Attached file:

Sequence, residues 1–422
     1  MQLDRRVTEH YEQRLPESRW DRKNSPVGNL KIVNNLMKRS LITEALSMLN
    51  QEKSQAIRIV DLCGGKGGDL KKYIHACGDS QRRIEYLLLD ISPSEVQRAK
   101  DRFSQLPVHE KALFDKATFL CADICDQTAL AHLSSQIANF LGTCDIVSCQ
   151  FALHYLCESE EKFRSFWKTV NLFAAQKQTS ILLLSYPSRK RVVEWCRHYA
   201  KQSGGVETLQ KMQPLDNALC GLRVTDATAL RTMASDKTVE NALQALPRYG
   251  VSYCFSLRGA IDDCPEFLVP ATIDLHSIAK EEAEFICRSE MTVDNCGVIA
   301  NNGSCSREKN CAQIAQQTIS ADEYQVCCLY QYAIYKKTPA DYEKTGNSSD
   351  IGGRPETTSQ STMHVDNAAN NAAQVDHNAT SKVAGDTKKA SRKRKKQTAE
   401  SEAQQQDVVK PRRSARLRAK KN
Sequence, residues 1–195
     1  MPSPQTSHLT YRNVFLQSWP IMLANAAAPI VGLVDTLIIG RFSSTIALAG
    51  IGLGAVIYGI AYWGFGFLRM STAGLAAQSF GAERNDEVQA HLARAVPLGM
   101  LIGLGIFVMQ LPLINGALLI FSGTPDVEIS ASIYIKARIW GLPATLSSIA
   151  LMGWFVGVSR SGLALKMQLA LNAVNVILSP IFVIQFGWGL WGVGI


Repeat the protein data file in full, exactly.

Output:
Sequence, residues 1–422
     1  MQLDRRVTEH YEQRLPESRW DRKNSPVGNL KIVNNLMKRS LITEALSMLN
    51  QEKSQAIRIV DLCGGKGGDL KKYIHACGDS QRRIEYLLLD ISPSEVQRAK
   101  DRFSQLPVHE KALFDKATFL CADICDQTAL AHLSSQIANF LGTCDIVSCQ
   151  FALHYLCESE EKFRSFWKTV NLFAAQKQTS ILLLSYPSRK RVVEWCRHYA
   201  KQSGGVETLQ KMQPLDNALC GLRVTDATAL RTMASDKTVE NALQALPRYG
   251  VSYCFSLRGA IDDCPEFLVP ATIDLHSIAK EEAEFICRSE MTVDNCGVIA
   301  NNGSCSREKN CAQIAQQTIS ADEYQVCCLY QYAIYKKTPA DYEKTGNSSD
   351  IGGRPETTSQ STMHVDNAAN NAAQVDHNAT SKVAGDTKKA SRKRKKQTAE
   401  SEAQQQDVVK PRRSARLRAK KN
Sequence, residues 1–195
     1  MPSPQTSHLT YRNVFLQSWP IMLANAAAPI VGLVDTLIIG RFSSTIALAG
    51  IGLGAVIYGI AYWGFGFLRM STAGLAAQSF GAERNDEVQA HLARAVPLGM
   101  LIGLGIFVMQ LPLINGALLI FSGTPDVEIS ASIYIKARIW GLPATLSSIA
   151  LMGWFVGVSR SGLALKMQLA LNAVNVILSP IFVIQFGWGL WGVGI